Tuesday, October 8, 2013

What is politics?

A huge, ages-old question, of course, and one I'm not trying to answer thoroughly here.  But I do want to share an interesting article by Aaron Ross Powell, a research fellow at the Cato Institute and editor of the Libertarian.org website.  Here's part of his tentative answer:
...politics is what you get when you modify public discourse and group decision making by adding “and the winners get to use violence to enforce their will.” When the decision makers conclude, for instance, that raw milk is harmful, and then use violence to prevent people from drinking it, that’s politics. When businesses, threatened by competition, convince politicians to enact laws against their competitors—laws back by violence—that’s politics.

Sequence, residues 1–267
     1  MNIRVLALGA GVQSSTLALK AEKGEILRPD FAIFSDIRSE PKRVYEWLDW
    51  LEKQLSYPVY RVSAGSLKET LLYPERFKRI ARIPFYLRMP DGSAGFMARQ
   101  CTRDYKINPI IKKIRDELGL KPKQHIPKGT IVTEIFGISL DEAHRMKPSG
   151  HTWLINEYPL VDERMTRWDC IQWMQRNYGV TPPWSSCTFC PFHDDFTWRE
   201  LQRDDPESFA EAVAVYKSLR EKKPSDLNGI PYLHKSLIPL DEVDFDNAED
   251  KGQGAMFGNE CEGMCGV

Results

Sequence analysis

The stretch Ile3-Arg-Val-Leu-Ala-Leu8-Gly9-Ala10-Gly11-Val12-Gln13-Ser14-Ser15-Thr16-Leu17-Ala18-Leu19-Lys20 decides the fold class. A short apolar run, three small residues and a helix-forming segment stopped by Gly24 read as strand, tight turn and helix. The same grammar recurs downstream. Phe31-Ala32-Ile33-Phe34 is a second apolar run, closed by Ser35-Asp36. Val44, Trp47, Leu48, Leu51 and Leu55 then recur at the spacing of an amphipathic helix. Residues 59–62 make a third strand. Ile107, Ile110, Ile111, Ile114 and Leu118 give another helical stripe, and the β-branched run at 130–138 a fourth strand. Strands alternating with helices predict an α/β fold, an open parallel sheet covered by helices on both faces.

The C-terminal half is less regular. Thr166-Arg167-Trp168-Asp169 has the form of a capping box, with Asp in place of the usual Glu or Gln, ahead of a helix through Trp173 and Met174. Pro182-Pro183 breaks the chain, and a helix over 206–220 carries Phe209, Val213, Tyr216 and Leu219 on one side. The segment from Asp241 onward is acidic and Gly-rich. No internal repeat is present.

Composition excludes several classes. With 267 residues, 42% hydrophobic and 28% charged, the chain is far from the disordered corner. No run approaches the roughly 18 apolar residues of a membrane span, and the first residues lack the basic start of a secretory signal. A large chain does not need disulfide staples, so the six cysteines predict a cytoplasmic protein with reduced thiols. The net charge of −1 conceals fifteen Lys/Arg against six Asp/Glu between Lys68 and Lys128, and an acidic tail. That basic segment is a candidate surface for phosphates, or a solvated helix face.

It’s violence–or, more often, the threat of violence–that sets politics apart, making it fundamentally different from other modes of social interaction. So when I say we should limit or abandon politics, I mean we should limit the presence of violence in our interactions with others.
His is a thoughtful and well-reasoned article, and certainly worth your time. Also, in the above article, Powell links to two other articles of his examining the nature of politics; those two are also well worth reading.